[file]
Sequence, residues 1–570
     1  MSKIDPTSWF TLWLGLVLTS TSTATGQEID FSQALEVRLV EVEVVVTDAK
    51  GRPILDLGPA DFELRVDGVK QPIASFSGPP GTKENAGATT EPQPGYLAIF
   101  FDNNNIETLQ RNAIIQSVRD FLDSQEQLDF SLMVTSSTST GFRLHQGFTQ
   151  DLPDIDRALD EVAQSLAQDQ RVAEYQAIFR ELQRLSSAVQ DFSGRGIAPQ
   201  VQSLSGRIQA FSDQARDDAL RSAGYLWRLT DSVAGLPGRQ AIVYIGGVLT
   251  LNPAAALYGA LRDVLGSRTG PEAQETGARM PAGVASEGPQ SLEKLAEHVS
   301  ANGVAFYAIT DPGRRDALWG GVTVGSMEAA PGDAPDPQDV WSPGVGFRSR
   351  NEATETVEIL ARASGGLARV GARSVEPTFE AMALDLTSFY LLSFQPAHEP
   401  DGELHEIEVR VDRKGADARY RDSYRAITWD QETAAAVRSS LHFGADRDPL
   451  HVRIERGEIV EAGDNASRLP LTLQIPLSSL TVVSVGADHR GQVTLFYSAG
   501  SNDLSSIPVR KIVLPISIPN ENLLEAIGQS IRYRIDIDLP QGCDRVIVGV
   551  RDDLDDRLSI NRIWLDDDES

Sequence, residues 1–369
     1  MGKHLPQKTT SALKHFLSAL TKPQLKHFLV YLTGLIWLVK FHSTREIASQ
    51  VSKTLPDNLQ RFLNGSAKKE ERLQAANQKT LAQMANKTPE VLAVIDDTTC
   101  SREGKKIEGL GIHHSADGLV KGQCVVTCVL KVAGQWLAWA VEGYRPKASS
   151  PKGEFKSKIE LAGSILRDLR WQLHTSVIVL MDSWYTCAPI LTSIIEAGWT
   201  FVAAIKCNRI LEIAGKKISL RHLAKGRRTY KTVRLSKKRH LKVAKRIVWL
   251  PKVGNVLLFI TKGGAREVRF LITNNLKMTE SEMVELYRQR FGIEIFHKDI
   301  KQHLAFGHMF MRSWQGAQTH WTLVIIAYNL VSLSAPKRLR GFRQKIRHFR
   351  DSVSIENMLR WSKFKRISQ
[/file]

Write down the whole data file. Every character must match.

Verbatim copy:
Sequence, residues 1–570
     1  MSKIDPTSWF TLWLGLVLTS TSTATGQEID FSQALEVRLV EVEVVVTDAK
    51  GRPILDLGPA DFELRVDGVK QPIASFSGPP GTKENAGATT EPQPGYLAIF
   101  FDNNNIETLQ RNAIIQSVRD FLDSQEQLDF SLMVTSSTST GFRLHQGFTQ
   151  DLPDIDRALD EVAQSLAQDQ RVAEYQAIFR ELQRLSSAVQ DFSGRGIAPQ
   201  VQSLSGRIQA FSDQARDDAL RSAGYLWRLT DSVAGLPGRQ AIVYIGGVLT
   251  LNPAAALYGA LRDVLGSRTG PEAQETGARM PAGVASEGPQ SLEKLAEHVS
   301  ANGVAFYAIT DPGRRDALWG GVTVGSMEAA PGDAPDPQDV WSPGVGFRSR
   351  NEATETVEIL ARASGGLARV GARSVEPTFE AMALDLTSFY LLSFQPAHEP
   401  DGELHEIEVR VDRKGADARY RDSYRAITWD QETAAAVRSS LHFGADRDPL
   451  HVRIERGEIV EAGDNASRLP LTLQIPLSSL TVVSVGADHR GQVTLFYSAG
   501  SNDLSSIPVR KIVLPISIPN ENLLEAIGQS IRYRIDIDLP QGCDRVIVGV
   551  RDDLDDRLSI NRIWLDDDES

Sequence, residues 1–369
     1  MGKHLPQKTT SALKHFLSAL TKPQLKHFLV YLTGLIWLVK FHSTREIASQ
    51  VSKTLPDNLQ RFLNGSAKKE ERLQAANQKT LAQMANKTPE VLAVIDDTTC
   101  SREGKKIEGL GIHHSADGLV KGQCVVTCVL KVAGQWLAWA VEGYRPKASS
   151  PKGEFKSKIE LAGSILRDLR WQLHTSVIVL MDSWYTCAPI LTSIIEAGWT
   201  FVAAIKCNRI LEIAGKKISL RHLAKGRRTY KTVRLSKKRH LKVAKRIVWL
   251  PKVGNVLLFI TKGGAREVRF LITNNLKMTE SEMVELYRQR FGIEIFHKDI
   301  KQHLAFGHMF MRSWQGAQTH WTLVIIAYNL VSLSAPKRLR GFRQKIRHFR
   351  DSVSIENMLR WSKFKRISQ